Title insurance is a form of insurance in favor of an owner, lessee, mortgage or other holder of an estate lien, or other interest in real property. It indemnifies against loss up to the face amount of the policy, suffered by reason of title being vested otherwise than as stated, or because of defects in the title, liens and encumbrances not set forth or otherwise specifically excluded in the policy, whether or not in the public land records, and other matters included within the policy form, such as lack of access to the property, loss due to unmarketability of title, etc. The title policy form sets forth the specific risks insured against. Additional coverage of related risks may also be added by endorsements to the policy or by the inclusion of additional affirmation insurance to modify or supersede the impact of certain exceptions, exclusions or printed policy “conditions.” The policy also protects the insured for liability on various warranties of title.
In addition, the policy provides protection in an unlimited amount against costs and expenses incurred in defending the insured estate or interest.
Before it issues a title policy, the title insurance company performs, or has performed for it, an extensive search, examination and interpretation of the legal effect of all relevant public records to determine the existence of possible rights, claims, liens or encumbrance that affect the property.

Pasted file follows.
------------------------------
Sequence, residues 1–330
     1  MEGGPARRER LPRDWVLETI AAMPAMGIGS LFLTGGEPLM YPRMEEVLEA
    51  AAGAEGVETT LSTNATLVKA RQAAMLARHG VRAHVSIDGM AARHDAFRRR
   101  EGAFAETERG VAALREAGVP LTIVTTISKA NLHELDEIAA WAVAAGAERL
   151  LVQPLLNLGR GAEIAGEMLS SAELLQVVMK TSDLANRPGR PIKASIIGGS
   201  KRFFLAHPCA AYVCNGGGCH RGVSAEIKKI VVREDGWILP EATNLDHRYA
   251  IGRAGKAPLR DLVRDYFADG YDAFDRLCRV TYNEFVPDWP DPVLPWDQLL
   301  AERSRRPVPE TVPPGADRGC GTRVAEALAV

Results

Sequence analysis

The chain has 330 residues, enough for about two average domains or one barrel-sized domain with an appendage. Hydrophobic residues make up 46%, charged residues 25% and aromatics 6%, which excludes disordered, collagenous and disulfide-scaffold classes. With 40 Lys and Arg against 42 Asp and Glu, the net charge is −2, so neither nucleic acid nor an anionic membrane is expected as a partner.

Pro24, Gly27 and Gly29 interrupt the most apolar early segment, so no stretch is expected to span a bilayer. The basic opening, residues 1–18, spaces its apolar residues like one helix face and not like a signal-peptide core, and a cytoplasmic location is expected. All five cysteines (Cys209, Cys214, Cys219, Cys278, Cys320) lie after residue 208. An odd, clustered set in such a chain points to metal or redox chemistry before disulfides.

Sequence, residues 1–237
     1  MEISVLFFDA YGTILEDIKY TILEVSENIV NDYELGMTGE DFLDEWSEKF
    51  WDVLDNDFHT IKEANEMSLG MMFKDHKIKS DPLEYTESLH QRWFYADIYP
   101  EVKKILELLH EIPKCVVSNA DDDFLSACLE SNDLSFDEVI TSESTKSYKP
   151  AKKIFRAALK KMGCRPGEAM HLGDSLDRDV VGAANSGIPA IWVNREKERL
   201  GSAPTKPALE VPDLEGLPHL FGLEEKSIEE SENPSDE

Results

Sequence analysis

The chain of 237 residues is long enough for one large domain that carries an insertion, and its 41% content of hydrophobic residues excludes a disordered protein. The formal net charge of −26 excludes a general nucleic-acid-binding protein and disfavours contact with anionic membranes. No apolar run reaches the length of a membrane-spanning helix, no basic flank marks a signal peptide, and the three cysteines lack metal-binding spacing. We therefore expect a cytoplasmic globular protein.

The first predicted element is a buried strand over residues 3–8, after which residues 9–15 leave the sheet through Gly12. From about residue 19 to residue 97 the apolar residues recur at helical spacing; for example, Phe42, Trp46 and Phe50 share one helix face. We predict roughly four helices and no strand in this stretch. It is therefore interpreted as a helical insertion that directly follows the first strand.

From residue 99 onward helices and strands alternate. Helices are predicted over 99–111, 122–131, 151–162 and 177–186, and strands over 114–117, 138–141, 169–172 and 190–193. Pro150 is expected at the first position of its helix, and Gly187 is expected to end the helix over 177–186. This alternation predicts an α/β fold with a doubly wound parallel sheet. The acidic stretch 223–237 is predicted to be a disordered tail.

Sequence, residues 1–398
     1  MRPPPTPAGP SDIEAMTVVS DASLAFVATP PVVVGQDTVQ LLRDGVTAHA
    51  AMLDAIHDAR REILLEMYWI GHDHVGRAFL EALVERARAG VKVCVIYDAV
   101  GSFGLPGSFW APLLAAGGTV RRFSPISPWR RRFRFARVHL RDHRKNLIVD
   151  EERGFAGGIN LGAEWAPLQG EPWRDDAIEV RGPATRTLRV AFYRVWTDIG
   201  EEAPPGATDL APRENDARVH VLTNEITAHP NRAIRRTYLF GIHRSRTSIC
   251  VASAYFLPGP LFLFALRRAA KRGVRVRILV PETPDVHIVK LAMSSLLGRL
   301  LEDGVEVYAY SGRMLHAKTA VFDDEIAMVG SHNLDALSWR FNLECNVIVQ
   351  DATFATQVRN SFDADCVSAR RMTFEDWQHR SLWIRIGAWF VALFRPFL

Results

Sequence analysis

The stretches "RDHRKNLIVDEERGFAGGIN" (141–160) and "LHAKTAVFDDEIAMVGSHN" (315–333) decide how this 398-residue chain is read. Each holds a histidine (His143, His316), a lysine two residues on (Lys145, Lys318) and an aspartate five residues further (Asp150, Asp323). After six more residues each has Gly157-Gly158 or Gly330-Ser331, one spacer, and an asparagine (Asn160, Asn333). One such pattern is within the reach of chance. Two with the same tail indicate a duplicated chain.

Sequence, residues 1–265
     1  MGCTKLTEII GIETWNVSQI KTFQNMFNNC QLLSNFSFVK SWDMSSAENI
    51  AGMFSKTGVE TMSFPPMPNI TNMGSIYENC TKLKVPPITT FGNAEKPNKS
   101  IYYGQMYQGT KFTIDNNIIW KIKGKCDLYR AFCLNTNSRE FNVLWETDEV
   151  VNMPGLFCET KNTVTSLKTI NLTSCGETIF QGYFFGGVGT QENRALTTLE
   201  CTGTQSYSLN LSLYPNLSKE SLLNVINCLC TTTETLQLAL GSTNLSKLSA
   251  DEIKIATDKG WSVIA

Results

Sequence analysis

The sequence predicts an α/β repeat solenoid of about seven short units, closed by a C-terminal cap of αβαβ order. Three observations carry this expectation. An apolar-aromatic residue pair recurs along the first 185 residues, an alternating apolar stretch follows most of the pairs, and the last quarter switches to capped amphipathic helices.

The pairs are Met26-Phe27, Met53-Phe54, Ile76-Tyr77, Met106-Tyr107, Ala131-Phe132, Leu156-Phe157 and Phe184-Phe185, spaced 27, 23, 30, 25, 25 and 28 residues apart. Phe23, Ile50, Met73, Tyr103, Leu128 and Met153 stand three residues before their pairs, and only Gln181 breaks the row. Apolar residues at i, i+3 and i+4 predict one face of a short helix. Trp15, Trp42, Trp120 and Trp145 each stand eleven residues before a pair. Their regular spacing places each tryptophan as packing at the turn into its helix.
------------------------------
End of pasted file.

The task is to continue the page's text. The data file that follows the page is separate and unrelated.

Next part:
However, even the most comprehensive title examination, made by the most highly skilled attorney or lay expert, can not protect against all title defects and claims. These are commonly referred to as the “hidden risks.” The most common examples of these hidden risks are fraud, forgery, alteration of documents, impersonation, secret marital status, incapacity of parties (whether they be individuals, corporations, trusts or any other type), and inadequate or lack of powers of REALTORS or fiduciaries. Some other hidden risks include various laws and regulations that create or permit interests, claims and liens without requiring that they first be filed or recorded in some form so that the potential buyers and lenders can find them before parting with their money.
Since the cost for home owner’s title insurance is usually sharply reduced when taken simultaneously with the issuance of a purchase money mortgage, the risk is one that a well informed buyer should not take. In fact, several states have adopted statutory requirements which require a notice to home buyers as to the availability of title insurance similar to that being obtained by their purchase money mortgages.
- Guest answered 3 years ago